announcement of an event next week led many to speculate that the long-rumored new
were imminent. The company usually uses September to announce its latest
, even with the expectation that this year's crop would be delayed until October.
As it turns out, next week's event will be focused on the
. Those wanting to learn more about the iPhone will likely need to wait until next month. For
, the delay gives the nation's largest wireless carrier some much needed time as it builds out its 5G network for Apple's next marquee phone.
It's a fortuitous outcome for Verizon, which is locked in a race with rivals
to cover more cities and neighborhoods with 5G. Much like with 4G, having those bragging rights is critical in an industry where network superiority is a huge factor for consumers. Had Apple launched its iPhone next week, Verizon would've likely not been ready with its network, opening it up to criticism from bombastic rival T-Mobile.
Although it was first out of the gate with a consumer 5G offering in the US last spring, Verizon has since lagged behind rivals T-Mobile and AT&T when it comes to deploying a widespread 5G network. The knock on its network is that it's fast -- but only if you can connect to it. At times, finding service is like looking for buried treasure.
The carrier has 5G available in parts of 36 cities (plus some NFL stadiums) through its high-frequency millimeter-wave spectrum, with plans to turn on the ultra-fast connection (which it calls Ultra Wideband) in parts of 60 cities this year. But even in those areas, the coverage area can be as small as a couple of street corners or select sections in stadiums, which are emptied out because of the coronavirus pandemic. The signals also don't reach indoors and can be impeded by leaves, glass or even a hand between your phone and the transmitter.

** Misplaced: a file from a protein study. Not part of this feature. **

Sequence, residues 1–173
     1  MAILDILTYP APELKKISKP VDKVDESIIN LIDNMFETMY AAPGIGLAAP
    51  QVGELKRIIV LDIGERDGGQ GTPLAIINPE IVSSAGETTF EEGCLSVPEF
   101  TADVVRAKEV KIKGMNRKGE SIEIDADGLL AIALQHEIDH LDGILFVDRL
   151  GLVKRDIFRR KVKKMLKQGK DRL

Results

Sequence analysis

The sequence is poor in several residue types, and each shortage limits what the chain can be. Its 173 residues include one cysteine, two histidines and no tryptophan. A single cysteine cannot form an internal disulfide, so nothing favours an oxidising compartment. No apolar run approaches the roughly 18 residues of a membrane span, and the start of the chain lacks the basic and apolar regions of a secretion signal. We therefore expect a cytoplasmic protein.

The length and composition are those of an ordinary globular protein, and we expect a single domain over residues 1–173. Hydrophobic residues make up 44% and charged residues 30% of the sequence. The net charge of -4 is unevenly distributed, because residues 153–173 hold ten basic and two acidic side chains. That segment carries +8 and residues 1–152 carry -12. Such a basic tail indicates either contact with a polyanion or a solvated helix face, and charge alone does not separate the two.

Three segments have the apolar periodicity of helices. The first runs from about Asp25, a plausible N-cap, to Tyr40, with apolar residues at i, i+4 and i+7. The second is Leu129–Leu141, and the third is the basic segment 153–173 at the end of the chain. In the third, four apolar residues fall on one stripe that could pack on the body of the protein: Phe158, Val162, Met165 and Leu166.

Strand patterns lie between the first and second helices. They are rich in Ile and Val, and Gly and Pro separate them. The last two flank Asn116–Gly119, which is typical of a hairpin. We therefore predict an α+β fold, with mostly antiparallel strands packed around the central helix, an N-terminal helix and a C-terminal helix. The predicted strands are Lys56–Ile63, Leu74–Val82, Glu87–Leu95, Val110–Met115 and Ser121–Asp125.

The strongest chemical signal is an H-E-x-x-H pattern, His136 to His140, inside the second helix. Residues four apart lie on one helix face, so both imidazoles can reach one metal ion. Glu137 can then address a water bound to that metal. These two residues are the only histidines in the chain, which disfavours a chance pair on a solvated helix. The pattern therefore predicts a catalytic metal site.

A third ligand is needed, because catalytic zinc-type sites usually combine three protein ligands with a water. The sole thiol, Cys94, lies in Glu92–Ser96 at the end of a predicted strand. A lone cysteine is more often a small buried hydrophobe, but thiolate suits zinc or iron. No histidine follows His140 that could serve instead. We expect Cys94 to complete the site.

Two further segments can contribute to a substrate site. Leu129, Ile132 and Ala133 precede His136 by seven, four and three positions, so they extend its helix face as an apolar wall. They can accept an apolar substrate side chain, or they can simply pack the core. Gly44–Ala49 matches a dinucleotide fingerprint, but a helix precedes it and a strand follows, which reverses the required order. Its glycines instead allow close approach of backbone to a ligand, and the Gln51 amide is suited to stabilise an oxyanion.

T-Mobile and AT&T, meanwhile, have been greatly expanding their respective 5G footprints over the last nine months and are each using different flavors of the next-generation wireless technology that can provide coverage and performance improvements to hundreds of millions of people.
Read more: When it comes to 5G, the iPhone's experience will be out of Apple's hands
AT&T's low-band 5G network covers more than 205 million people, albeit at speeds that are often similar to a good
connection. Its faster millimeter-wave network (what it calls 5G Plus, and is similar to Verizon's 5G deployment) is available in parts of 35 cities.
T-Mobile has been the most aggressive in 5G deployment, with a low-band network that covers more than 250 million people. Although its millimeter-wave network is still limited to just parts of six cities, thanks to the closure of its
merger in April the carrier has a trove of lucrative midband spectrum that allows for faster 5G speeds than low-band but with significantly better range than millimeter-wave.
Earlier this month T-Mobile expanded its midband footprint to 81 new cities and towns, offering what it says will be a 5G service that's capable of average download speeds of 300 Mbps with peaks of 1Gbps. For comparison, the average US internet speed is generally between 85 Mbps and 95 Mbps.
Verizon has said that plans to launch a nationwide low-band 5G network in the "second half of 2020," even detailing last month that all plans -- including older ones -- will be able to use the low-band network so long as they have a compatible 5G phone. However, as the calendar slowly inches towards 2021, Verizon still has yet to detail when or where this new network will be active.
A spokesman for the carrier reiterated the timeline when asked for an update on Tuesday, but did not provide any additional new details.
Rumors suggest Apple may be preparing 75 million 5G iPhones for 2020, and executives at all three of the US carriers have high hopes for 5G driving sales. But to help push new devices, plans and services you need a widespread 5G network.
With the iPhone now seemingly locked into October, Verizon gets a little more time. But its clock is also now ticking a bit louder.